Mom was worried about money - but we did a back of the envelope calculation when her health started to fail early in 2016 and knew her money would probably outlast her. So we were happy to spend her savings down to make her comfortable and support her over the last year. Though her time at the assisted living was a bit more expensive (due to her need for personal care towards the end), she left a small sum of money to us as a legacy.

Her will split her assets five ways (four kids, plus one young grandchild); we independently decided to gift the brother who did not get a car / condo / diamond with $10K off the top to even things up. That left us each with about $14K, with another $8K to split via a life insurance policy. We decided to set a bit aside (just in case) as we finalize taxes and such; this past week I received a check for $12K.

It was not what one would consider a "set for life" windfall, but to me it's a wonderful boon - permitting me to completely pay off my consumer debt and to fill my retirement account for 2016. I set up the final credit card payments today, took some time to consolidate all my various monthly payments (a handful of charities, video subscriptions, and digital / office subscriptions) onto one card, and took the opportunity to cancel a few things I was not using (a music subscription, an online fax service, an amazon prime extra). My plan is to close out one of the two credit cards, use the second for subscriptions and online purchases, and pick up a lower cost / more reputable one for travel and "just in case".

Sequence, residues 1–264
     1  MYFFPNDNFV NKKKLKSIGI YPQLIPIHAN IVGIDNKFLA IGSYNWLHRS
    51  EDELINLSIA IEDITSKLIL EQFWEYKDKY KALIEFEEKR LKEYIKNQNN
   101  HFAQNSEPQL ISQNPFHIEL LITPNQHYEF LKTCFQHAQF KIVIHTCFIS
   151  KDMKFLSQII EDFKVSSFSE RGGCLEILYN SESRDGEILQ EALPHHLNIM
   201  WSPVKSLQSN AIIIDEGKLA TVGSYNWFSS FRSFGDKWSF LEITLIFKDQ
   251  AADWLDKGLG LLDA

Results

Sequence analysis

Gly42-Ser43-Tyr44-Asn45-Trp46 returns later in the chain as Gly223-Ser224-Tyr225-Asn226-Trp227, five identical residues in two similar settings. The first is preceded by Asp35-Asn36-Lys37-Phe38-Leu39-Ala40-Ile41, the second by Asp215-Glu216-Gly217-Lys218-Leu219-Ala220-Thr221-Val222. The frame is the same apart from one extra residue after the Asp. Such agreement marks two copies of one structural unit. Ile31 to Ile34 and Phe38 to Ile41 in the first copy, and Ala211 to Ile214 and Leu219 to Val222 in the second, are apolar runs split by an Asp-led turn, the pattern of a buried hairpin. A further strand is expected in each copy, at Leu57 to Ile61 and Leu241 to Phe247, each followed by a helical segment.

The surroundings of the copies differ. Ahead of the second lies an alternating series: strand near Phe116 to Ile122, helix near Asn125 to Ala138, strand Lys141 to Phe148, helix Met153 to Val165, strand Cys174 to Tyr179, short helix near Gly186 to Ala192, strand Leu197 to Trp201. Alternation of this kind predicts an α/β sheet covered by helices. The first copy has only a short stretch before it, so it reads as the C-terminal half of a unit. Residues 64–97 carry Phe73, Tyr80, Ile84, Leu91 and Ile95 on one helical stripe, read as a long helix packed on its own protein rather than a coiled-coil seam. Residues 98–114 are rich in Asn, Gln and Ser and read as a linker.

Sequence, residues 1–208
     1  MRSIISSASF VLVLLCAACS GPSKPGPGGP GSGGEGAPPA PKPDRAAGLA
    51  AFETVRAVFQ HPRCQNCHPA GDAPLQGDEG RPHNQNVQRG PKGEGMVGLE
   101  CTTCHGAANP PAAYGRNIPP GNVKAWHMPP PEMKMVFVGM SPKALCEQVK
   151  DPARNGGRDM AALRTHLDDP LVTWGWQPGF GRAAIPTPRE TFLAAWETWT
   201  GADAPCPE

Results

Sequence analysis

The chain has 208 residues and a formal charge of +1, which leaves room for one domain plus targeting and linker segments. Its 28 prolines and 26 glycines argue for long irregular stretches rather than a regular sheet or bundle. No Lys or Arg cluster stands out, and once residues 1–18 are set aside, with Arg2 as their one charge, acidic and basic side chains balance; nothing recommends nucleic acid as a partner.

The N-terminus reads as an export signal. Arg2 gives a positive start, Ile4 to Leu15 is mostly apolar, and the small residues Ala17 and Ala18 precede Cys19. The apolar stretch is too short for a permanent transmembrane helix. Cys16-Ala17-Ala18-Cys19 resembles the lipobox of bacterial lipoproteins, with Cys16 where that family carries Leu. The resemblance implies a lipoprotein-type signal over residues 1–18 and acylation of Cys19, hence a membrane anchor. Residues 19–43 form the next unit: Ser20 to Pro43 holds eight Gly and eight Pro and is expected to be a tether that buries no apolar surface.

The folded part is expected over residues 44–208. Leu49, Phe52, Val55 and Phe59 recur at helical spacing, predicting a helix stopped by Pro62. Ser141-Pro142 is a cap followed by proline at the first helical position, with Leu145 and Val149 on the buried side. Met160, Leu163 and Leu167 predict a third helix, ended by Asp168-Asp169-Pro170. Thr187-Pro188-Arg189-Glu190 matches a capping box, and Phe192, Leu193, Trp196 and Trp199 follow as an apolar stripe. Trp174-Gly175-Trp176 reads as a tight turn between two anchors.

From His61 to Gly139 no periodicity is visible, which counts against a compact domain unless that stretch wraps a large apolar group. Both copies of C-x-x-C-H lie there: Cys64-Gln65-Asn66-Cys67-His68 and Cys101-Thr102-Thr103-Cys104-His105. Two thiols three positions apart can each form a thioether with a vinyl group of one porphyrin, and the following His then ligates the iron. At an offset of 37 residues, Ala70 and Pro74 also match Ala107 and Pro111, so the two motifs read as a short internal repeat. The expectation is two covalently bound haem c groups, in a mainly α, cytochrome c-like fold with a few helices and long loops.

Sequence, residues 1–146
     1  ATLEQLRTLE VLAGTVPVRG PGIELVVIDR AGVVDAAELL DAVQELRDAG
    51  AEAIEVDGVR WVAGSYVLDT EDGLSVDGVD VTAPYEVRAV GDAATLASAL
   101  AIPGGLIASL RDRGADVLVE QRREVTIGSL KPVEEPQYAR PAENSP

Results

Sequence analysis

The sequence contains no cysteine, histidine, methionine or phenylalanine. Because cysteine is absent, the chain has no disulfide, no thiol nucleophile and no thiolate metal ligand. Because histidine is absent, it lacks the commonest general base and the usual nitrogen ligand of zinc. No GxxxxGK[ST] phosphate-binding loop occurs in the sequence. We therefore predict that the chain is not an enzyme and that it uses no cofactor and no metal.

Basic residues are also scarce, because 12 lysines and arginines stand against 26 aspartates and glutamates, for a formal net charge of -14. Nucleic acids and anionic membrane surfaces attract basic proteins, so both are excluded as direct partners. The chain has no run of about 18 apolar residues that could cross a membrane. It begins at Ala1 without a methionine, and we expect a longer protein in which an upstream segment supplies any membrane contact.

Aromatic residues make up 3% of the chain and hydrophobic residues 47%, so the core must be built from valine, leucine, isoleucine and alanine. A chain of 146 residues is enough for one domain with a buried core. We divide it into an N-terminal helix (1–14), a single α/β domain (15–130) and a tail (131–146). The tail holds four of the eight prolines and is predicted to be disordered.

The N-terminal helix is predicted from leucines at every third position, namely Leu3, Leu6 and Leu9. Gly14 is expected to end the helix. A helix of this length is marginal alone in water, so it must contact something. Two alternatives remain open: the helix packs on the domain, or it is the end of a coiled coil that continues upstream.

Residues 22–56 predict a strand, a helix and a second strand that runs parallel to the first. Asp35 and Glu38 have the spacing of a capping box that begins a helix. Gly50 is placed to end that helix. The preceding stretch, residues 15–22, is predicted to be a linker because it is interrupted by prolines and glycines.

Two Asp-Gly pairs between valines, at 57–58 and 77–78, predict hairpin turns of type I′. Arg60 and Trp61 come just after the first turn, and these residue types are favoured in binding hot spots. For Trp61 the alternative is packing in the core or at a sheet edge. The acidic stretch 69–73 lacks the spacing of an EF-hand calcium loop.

It's a good solid "spring cleaning" of my finances - I'll be saving money (avoiding interest payments), reducing my monthly bills (my card payments were maybe $300 just to keep things at status quo), and keeping a better eye on the expenses I do have.  Who knows - maybe I'll even start to save or more fully fund my IRA.

It has felt as if mom were reaching back, to take care of me for one last time. And as I was telling this to a friend on the phone, I noticed a rare feeder visitor - a female cardinal. I'm not much for signs and spirits in general, but mom and her friend June had shared a belief that a cardinal is a representative of a loved one who has passed, and my sister has carried that through her passing, funeral, and over the past few months. I've got a suet feeder going though the colder months, and though I see a regular crew of woodpeckers, nut-hatches, titmouse, sparrows, and grackles, cardinals are not regulars. It felt a little like an affirmation, a blessing.